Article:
A director of a roofing company is to go on trial later this year for causing the death of an employee.
Stephen Heaney denied manslaughter when he appeared at Downpatrick Crown Court yesterday.
The 51-year-old pleaded not guilty to the manslaughter of Hugh Thomas Jack on December 3, 2016.
Mr Jack was a 59-year-old father-of-five who was originally from Scotland.
He moved to west Belfast after serving a prison sentence relating to republican activity.
He died following the accident at premises where he was working in Carryduff on the outskirts of Belfast.
Mr Heaney, from Hill Street in Ballymena, also entered not guilty pleas to five offences under health and safety legislation on behalf of H&M Engineering and Roofing specialists.
The Ballymena man, who is a director of the defendant company, denied allegations that the company failed to ensure the health, safety and welfare of employees; failed to make appropriate risk assessments; failed to plan, supervise and carry out work in a safe manner; failed to take suitable measures to prevent a person from falling, and failed to notify the enforcing authorities that Mr Jack "had died as a result of an accident arising out of or in connection with work".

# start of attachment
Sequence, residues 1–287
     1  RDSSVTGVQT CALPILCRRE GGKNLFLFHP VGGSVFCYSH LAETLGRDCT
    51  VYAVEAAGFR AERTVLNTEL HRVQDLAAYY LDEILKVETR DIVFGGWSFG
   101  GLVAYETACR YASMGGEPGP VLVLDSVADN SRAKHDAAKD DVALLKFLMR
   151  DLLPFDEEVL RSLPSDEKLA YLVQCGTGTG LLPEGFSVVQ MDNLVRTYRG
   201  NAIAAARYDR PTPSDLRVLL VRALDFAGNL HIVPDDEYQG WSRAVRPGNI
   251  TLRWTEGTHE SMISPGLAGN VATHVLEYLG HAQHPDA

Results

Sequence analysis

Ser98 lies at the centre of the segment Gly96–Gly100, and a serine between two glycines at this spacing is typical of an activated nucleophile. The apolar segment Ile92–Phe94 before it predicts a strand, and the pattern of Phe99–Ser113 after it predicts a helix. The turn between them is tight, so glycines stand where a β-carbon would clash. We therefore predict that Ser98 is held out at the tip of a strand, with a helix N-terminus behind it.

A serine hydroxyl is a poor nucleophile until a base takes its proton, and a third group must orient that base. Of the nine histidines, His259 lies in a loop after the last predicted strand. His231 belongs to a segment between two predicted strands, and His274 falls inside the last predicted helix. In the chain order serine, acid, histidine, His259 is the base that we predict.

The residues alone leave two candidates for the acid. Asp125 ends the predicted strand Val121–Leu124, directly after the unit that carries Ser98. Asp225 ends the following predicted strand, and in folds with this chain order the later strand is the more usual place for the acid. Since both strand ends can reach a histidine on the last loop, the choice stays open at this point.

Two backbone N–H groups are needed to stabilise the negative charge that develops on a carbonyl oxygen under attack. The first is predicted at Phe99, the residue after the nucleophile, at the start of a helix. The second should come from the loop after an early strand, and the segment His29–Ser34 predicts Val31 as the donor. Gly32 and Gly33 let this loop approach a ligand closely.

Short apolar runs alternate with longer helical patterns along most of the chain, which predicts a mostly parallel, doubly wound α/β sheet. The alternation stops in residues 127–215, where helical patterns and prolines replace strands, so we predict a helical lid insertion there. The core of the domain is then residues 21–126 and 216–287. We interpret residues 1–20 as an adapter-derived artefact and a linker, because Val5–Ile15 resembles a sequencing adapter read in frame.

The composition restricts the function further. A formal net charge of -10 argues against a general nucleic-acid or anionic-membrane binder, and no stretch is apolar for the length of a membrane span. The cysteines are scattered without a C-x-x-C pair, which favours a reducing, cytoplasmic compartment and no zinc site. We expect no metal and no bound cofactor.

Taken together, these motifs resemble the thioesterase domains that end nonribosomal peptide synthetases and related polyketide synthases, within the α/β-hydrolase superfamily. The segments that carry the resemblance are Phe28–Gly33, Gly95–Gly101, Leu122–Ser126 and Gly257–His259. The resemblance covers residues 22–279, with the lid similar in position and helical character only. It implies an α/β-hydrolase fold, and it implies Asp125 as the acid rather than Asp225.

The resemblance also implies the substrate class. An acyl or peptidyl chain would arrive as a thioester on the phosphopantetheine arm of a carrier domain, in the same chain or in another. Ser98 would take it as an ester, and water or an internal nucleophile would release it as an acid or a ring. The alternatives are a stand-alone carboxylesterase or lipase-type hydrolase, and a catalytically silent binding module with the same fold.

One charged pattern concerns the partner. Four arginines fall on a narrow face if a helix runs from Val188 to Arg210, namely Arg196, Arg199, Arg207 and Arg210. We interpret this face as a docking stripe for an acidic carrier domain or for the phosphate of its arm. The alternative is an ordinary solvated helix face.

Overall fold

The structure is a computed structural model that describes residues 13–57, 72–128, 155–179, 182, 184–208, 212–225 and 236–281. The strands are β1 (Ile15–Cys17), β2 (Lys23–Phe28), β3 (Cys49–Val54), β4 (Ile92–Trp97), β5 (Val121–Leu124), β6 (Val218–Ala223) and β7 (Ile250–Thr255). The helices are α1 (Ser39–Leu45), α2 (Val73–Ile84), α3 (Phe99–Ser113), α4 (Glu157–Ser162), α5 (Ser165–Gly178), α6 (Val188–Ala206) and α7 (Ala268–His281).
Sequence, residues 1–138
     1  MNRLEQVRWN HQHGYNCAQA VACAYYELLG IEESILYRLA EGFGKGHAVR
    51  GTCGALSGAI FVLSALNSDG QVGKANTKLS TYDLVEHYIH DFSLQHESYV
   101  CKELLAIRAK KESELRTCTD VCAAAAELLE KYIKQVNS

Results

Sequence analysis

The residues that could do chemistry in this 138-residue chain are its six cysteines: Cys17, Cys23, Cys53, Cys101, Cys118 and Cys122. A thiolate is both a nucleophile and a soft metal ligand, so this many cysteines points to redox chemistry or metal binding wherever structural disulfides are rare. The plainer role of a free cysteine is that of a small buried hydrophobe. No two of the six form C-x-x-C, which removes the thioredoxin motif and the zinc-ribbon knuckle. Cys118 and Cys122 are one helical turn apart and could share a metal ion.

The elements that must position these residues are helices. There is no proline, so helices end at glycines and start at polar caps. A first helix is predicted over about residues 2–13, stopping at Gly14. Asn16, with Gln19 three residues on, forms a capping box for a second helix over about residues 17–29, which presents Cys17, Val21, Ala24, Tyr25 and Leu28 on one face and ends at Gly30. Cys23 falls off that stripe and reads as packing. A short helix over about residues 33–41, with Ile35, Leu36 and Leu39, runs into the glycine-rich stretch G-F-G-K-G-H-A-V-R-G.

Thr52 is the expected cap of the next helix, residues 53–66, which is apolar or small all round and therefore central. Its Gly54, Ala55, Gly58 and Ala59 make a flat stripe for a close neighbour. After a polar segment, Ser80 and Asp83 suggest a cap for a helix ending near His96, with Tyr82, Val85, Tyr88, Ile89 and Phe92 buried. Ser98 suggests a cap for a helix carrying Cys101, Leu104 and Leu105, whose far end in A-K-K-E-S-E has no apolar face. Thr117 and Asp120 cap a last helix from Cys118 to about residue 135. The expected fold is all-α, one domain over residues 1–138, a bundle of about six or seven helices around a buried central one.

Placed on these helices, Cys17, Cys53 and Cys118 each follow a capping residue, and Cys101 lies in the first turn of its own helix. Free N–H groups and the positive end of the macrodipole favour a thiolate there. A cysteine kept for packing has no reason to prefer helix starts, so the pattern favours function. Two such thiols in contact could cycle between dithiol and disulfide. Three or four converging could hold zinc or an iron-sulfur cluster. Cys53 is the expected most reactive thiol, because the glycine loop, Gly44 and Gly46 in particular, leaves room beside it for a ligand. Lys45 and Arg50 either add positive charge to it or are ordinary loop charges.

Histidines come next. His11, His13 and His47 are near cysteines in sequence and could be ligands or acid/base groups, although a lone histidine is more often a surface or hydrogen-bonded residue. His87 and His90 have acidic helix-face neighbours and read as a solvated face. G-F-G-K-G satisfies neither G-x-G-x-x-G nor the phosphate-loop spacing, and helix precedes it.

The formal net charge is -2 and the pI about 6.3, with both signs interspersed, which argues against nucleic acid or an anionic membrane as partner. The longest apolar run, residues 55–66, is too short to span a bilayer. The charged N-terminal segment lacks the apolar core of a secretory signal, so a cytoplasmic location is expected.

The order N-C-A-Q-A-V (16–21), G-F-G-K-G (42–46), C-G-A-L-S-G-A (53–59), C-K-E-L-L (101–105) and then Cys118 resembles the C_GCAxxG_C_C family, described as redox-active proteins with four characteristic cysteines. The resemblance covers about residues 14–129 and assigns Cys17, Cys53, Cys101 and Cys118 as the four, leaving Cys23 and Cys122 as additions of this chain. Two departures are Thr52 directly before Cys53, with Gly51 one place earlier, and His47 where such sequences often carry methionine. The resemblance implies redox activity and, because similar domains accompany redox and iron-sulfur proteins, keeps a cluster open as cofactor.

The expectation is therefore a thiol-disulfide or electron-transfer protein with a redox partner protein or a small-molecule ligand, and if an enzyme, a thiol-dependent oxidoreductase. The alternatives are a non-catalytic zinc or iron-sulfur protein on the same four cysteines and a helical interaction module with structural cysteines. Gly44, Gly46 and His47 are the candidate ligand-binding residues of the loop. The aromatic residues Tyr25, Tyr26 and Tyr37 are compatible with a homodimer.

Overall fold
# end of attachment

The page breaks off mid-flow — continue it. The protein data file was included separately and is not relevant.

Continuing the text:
Following the denials, defence QC Frank O'Donoghue told the court he had instructed a forensic engineering expert to produce a report for the trial.
He added: "If I can be frank with the court, the health and safety charges will not form the gravamen of this case, the gravamen will be the manslaughter offence."
He suggested, and prosecuting QC Charles McCreanor agreed, that the trial would be completed within two weeks and Judge Geoffrey Miller QC told the senior barristers he wanted to have the trial completed before the summer recess.
"Very much at the forefront of one's mind, given the nature of the primary charge, is the fact that there is a grieving family in the background of all of this and that cannot be ignored," the judge said.
Freeing Mr Heaney on bail, the judge listed the trial to begin on June 15 and said he would review the case on April 1.